Well there goes my diet....As I prepared to leave Korea after teaching English at Chungdahm for over a year, I became motivated to hit the gym and watch what I eat so that I return to the United States looking fit and trim. At the beginning of this year, I made up my mind to walk to the gym/sauna every morning, work out for an hour or two, and then walk to school to teach. I devised a healthy diet consisting of three solid, healthy meals that I would prepare at home each day. It was the perfect plan....
I had lunch with a good friend of mine today. (Coincidentally, he is a friend I made during ChungDahm training week.) One of the things we talked about was how amazing Korea’s public transportation is.
I met him in a city that’s about 40 minutes north of me by car. To get there, I walked 5 minutes to the bus stop from my apartment, waited 2 minutes for the first bus to come by, hopped on, and rode it for about ten minutes. I got off, walked about 3 minutes to the train station, bought a ticket for the next train to my destination, and 5 minutes after that I was on a train heading to the city we agreed to meet at. That trip cost me about $3.60. For the most part, public transportation in Korea is convenient, quick, and more than affordable.
It’s all happening. You’ve applied to Aclipse, you’ve aced all of your interviews, and you’re finally on your way to getting a job in Korea as an ESL teacher. Your life is about to undergo a drastic and tremendous change unlike anything you’ve ever done and trust me, it’s going to be awesome.
Moving across the world is certainly exhilarating, but there are definitely some things I wish I’d known about my first few weeks here. So I’m here to help your transition into the world of kimchi, k-pop, and soju a little bit easier.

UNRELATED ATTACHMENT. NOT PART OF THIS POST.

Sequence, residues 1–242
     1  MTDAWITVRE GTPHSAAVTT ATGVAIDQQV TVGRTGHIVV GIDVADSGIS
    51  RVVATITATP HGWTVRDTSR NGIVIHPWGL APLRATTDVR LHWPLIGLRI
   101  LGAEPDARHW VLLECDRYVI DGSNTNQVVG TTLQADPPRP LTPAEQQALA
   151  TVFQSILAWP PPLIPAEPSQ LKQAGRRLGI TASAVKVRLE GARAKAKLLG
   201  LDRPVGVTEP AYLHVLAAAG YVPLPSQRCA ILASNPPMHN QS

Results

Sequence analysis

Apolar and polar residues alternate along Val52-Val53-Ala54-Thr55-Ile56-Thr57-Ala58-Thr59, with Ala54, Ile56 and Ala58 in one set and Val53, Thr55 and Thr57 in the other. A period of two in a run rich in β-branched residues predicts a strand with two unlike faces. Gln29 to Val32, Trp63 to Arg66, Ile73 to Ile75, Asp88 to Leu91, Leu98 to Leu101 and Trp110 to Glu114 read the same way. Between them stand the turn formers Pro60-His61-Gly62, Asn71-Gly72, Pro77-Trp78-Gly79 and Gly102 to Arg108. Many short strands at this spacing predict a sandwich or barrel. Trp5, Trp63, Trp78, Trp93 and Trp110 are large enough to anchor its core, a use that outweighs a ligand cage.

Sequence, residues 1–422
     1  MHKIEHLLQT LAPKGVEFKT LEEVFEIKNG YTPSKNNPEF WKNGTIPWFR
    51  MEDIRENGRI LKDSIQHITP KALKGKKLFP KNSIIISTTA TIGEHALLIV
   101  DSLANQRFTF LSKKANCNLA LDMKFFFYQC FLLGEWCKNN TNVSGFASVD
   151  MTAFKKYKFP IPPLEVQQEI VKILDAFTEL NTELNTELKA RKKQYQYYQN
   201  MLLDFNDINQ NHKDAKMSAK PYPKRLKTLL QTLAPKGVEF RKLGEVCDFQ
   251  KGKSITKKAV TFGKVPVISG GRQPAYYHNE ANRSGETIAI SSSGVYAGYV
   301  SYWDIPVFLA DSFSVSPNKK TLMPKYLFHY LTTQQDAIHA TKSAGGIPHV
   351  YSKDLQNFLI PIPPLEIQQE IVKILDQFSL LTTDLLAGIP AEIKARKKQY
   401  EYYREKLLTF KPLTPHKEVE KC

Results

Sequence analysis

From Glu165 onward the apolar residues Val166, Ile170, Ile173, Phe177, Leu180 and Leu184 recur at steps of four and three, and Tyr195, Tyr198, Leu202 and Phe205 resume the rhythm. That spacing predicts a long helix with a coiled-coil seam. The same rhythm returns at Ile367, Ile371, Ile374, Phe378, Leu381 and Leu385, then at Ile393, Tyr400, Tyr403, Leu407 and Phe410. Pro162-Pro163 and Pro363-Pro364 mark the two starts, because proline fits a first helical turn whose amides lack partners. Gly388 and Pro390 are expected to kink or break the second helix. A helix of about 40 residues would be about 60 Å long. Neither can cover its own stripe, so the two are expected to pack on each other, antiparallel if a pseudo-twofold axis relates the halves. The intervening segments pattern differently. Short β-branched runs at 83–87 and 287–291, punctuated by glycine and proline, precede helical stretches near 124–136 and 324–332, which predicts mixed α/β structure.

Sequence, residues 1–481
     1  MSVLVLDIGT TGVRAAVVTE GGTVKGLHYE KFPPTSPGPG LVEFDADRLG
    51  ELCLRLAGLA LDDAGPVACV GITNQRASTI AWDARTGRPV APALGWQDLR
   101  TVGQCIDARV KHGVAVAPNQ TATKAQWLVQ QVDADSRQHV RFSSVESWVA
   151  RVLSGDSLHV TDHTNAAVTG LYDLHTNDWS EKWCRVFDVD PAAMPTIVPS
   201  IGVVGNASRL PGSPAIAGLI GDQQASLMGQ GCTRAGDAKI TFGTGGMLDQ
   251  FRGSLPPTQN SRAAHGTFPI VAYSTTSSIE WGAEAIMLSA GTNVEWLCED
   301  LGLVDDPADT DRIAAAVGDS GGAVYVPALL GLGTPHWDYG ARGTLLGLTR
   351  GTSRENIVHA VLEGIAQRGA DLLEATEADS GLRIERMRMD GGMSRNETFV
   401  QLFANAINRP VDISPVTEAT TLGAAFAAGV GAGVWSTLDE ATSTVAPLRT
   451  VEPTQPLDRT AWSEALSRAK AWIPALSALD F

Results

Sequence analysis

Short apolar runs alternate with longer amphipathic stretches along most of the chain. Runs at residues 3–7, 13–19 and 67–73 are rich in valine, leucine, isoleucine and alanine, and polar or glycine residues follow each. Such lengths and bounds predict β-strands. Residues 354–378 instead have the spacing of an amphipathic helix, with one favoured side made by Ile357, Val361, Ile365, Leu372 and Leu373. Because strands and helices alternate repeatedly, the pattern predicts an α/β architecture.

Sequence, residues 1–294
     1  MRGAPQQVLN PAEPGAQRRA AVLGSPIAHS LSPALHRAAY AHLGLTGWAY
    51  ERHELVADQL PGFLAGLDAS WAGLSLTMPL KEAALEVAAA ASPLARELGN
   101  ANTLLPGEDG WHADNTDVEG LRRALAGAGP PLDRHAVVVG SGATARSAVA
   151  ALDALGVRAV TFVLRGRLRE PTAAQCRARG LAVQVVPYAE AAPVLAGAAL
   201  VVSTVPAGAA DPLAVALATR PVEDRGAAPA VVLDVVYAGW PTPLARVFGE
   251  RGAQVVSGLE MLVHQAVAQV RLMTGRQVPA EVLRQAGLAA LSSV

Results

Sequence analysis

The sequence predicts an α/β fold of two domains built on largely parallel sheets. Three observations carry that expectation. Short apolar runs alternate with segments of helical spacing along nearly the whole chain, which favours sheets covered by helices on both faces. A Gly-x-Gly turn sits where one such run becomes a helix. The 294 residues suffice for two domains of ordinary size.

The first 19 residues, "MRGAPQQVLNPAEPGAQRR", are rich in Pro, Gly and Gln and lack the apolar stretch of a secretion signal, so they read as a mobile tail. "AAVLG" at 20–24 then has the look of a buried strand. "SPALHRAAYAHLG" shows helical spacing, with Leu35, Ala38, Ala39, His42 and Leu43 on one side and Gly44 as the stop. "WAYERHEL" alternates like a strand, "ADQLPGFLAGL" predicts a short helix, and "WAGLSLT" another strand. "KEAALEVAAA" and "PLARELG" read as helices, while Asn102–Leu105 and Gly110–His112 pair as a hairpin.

It’s been almost five months since I’ve been teaching English in Korea, and the work week has become somewhat routine. Weekends on the otherhand, is used for exploring Korea either solo or with friends. With Chungdahm Learning hours being in the late afternoon, teachers have the whole morning to themselves. Truth be told, some mornings are spent recovering from hanging out all night at the local bar with friends. However, I tend to head home to my pet poodle, Choco, who is taken for a walk after I get off from work. This is also the time I call friends and family back in the states and chitchat.
Staying in allows me to get up within reasonable hours and make the most out of my day. Today for example, after I took Choco for a walk, I did some house cleaning and headed to the downtown area to handle some errands. It’s relatively easy to get around Korea. I use what’s called a T-Money card, which gives a discounted rate on the bus fare and can also be used in taxicabs. T-Money cards can be purchased in convenient stores, where you can also add money as necessary. Also, the buses run quite frequently, which makes it quite convenient to get around.